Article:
Cold snap freezes fishing action
  |  First Published: August 2013

The late season fishing in the Wangaratta area was very slow.

I did manage to pick up a few late season trout in some of the local rivers, however they were few and far between in comparison with recent seasons.

The upper Ovens River, upstream of Bright is usually the best trout river in the catchment. I fished it late in the season and sadly never saw a single trout. The extreme heat in January, followed by the 30,000HA bushfire in the headwaters which was followed by over 300mm of rain in just a couple of weeks saw a lot of sludge push through the Ovens River. This seems to have detrimental effects on the trout fishing.

But do not despair, a similar thing happened in the Buckland River back in 2003, and the trout bounced back. Trout are a very resilient fish and have an uncanny ability to bounce back from nowhere. I am sure the upper Ovens River will be a great fishery again in the not too distant future as trout recruit out of other feeder streams, such as the Buckland River and rebuild the population pretty quickly.

Now to August, and what can we expect? This is usually the quietest time of year as anticipation starts to increase ahead of the new trout season that opens on the first Saturday in September. Lake William Hovell is usually the stand-out fishery in the Ovens and King River catchments during August where trout are readily available, and the odd redfin can still be caught.

Try trolling winged lures such as Tassie Devils or casting blades such as TT switchblades or Damiki Vault42 blades. Small minnows work well also, but the greatest key to success when targeting trout in Lake William Hovell is to be there at the right times of the day, and this is the low light periods of dusk and dawn. Dawn at Lake William Hovell is my favourite, but can see temperatures around the -5C. It's quite a surreal feeling paddling my kayak around the edges of the lake, dragging a lure behind me while there is frost sitting on the gum leaves of the tall trees! When conditions are like this it is usually dead calm and very quiet and you could hear a pin drop from the opposite side of the lake.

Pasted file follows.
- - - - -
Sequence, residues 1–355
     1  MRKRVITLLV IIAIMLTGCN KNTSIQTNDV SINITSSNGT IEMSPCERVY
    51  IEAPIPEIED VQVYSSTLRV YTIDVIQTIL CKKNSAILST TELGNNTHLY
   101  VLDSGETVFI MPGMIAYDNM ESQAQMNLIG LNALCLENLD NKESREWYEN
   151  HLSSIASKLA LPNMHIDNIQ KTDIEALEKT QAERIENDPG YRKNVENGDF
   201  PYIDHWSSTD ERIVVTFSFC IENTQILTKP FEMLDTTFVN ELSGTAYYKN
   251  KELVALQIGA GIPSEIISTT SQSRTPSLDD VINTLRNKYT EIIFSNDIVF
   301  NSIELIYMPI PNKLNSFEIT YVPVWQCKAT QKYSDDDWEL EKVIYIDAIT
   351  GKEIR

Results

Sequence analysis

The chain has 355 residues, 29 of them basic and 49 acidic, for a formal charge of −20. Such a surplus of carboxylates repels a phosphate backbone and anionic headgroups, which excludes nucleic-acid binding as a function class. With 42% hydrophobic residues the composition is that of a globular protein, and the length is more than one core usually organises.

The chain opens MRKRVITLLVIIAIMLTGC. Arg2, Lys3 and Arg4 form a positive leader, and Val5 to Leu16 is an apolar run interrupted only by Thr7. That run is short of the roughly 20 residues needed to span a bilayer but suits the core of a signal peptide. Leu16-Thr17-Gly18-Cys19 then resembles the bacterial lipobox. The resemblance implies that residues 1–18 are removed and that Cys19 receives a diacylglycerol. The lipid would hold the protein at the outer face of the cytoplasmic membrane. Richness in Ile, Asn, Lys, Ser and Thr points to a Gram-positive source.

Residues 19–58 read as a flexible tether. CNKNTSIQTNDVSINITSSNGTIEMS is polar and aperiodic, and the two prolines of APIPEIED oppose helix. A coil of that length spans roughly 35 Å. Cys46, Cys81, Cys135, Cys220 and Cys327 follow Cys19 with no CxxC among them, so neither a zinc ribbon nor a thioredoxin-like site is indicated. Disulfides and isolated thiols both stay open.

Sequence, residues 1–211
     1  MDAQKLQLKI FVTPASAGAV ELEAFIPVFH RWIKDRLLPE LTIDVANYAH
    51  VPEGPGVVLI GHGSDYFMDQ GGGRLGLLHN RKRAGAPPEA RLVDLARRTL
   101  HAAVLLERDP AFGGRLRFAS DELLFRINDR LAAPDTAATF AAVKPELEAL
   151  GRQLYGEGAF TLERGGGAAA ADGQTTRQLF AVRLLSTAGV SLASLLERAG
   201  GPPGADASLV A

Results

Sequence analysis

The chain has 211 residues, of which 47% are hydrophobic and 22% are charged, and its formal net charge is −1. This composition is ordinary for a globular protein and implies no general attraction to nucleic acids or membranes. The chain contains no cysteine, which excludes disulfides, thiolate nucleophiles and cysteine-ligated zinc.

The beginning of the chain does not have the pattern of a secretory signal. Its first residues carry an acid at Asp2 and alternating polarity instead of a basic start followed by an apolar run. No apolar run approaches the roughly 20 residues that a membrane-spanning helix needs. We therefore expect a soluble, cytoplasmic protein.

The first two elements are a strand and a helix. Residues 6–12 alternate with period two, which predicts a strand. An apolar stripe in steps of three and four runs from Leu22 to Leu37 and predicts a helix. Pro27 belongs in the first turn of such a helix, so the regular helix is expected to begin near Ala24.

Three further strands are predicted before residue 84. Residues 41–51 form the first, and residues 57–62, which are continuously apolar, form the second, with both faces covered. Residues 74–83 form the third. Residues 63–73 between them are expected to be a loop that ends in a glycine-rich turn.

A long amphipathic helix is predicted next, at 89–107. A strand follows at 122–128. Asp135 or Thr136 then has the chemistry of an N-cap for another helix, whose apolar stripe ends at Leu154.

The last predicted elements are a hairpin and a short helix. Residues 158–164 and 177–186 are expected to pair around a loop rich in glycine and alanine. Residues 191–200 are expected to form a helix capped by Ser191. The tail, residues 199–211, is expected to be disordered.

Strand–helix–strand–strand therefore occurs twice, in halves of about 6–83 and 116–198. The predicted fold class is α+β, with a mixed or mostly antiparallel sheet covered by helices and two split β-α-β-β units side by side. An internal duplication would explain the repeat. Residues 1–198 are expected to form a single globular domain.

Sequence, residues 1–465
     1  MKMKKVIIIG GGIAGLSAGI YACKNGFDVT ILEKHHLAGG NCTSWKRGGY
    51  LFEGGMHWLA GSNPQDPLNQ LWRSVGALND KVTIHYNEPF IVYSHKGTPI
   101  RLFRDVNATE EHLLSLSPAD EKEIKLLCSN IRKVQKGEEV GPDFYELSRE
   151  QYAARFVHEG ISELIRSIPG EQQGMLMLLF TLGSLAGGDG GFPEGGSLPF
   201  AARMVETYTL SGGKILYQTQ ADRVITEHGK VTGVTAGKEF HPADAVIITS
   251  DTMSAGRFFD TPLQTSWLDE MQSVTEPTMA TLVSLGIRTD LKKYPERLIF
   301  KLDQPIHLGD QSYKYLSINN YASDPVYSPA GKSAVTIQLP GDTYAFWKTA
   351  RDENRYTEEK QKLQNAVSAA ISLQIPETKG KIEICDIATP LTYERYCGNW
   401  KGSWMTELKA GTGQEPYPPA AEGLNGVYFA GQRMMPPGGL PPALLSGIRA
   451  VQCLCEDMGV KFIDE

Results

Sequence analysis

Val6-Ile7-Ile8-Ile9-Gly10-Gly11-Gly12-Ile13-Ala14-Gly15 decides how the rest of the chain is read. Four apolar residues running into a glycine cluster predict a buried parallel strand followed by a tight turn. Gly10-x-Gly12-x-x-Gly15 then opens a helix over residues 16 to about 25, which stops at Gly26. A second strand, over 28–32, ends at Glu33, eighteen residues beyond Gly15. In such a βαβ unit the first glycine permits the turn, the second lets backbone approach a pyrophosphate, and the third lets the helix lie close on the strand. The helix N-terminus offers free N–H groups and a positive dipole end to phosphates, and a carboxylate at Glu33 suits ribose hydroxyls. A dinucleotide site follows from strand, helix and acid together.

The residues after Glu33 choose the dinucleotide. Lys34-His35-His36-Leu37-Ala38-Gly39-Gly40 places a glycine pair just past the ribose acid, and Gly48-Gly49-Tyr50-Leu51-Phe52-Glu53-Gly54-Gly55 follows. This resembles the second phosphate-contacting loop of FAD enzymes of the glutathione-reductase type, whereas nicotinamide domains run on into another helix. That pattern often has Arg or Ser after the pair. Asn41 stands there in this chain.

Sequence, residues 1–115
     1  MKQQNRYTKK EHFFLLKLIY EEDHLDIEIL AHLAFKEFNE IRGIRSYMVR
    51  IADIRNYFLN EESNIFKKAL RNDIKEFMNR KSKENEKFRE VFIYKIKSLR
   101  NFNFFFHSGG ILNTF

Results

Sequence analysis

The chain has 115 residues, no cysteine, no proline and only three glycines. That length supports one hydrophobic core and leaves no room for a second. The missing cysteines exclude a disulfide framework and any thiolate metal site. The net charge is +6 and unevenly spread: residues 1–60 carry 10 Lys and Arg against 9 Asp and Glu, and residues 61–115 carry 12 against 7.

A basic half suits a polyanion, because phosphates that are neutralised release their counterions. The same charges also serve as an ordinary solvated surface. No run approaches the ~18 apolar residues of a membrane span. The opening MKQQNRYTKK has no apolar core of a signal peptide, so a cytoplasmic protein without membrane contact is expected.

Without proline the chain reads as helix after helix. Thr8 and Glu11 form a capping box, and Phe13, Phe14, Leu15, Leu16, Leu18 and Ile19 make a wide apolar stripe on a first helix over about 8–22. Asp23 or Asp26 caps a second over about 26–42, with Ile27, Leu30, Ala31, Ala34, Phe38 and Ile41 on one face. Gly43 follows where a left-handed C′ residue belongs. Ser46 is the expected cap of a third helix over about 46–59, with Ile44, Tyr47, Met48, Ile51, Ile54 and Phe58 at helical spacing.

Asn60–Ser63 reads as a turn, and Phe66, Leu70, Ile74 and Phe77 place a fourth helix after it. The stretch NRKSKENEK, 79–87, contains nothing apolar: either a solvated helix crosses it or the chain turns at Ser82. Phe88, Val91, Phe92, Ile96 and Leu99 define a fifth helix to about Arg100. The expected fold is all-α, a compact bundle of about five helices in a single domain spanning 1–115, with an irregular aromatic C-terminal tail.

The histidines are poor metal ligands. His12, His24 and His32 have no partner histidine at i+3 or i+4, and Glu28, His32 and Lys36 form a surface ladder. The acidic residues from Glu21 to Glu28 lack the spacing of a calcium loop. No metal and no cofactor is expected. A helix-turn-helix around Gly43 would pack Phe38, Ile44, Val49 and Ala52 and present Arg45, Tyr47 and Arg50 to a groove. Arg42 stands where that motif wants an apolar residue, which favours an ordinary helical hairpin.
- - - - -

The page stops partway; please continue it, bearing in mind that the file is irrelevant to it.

If you're targeting redfin, try bait fishing down deep, in 10m+ of water where the water temperature may be a little warmer. Worms and small yabbies are both great baits up there, and while using scrub worms you may even hook a trout as a by-catch. Sadly there are some massive carp in Lake William Hovell now, most likely as a result of people illegally using them as bait for redfin. This is the very reason they are illegal as bait, to stop them from spreading like this.

Away from Lake William Hovell the family friendly waterways will be stocked and ready to go. They will be stocked early July and should still fish very well throughout August. Fosters Dam at Glenrowan, Lake Sambell at Beechworth and Stanley Dam in Stanley are the three main dams to head to in August targeting these yearling rainbow trout.

I prefer to use a really small soft plastic with a as small a jig head as possible to allow me to fish it super slow. For example, I like to use the 1" Strike Tiger nymph, rigged with a 1/20oz TT jighead with a size 1H or 2H hook. You do not need to be too fussy, just look for the smallest possible jig head and smallest hook you can find.

Good luck in August, and remember, the trout season does not open until Saturday September 7, not September 1. Many people get this confused each year, but it is the first Saturday in September, not the first day.

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